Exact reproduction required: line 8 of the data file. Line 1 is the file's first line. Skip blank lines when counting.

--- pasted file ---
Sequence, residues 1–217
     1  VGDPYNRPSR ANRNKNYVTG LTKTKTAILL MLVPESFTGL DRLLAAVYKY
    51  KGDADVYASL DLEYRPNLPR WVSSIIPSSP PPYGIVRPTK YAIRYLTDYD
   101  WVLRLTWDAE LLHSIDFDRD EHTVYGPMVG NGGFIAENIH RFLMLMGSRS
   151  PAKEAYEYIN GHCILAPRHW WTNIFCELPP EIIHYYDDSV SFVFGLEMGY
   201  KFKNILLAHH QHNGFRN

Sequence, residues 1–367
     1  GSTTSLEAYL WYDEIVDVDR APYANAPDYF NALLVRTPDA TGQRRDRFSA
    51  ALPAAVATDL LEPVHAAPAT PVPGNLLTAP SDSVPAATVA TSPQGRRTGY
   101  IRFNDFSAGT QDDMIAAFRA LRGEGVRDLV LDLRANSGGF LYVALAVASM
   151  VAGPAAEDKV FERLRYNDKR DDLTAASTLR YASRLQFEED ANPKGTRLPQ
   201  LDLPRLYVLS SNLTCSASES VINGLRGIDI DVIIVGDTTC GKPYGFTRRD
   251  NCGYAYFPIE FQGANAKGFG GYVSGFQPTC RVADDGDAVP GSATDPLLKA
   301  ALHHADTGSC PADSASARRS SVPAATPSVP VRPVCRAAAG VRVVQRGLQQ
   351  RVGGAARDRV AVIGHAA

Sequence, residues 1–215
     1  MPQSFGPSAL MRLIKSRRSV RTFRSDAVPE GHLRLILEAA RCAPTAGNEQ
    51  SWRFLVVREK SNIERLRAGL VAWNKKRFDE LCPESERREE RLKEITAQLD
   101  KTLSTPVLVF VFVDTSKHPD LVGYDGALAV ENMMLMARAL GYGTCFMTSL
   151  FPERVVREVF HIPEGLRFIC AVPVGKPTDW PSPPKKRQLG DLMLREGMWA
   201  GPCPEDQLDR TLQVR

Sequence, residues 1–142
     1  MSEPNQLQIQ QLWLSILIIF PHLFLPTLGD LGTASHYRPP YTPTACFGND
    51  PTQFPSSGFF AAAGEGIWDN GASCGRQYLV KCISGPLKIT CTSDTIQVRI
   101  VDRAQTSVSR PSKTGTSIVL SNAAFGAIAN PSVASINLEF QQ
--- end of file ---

     1  GSTTSLEAYL WYDEIVDVDR APYANAPDYF NALLVRTPDA TGQRRDRFSA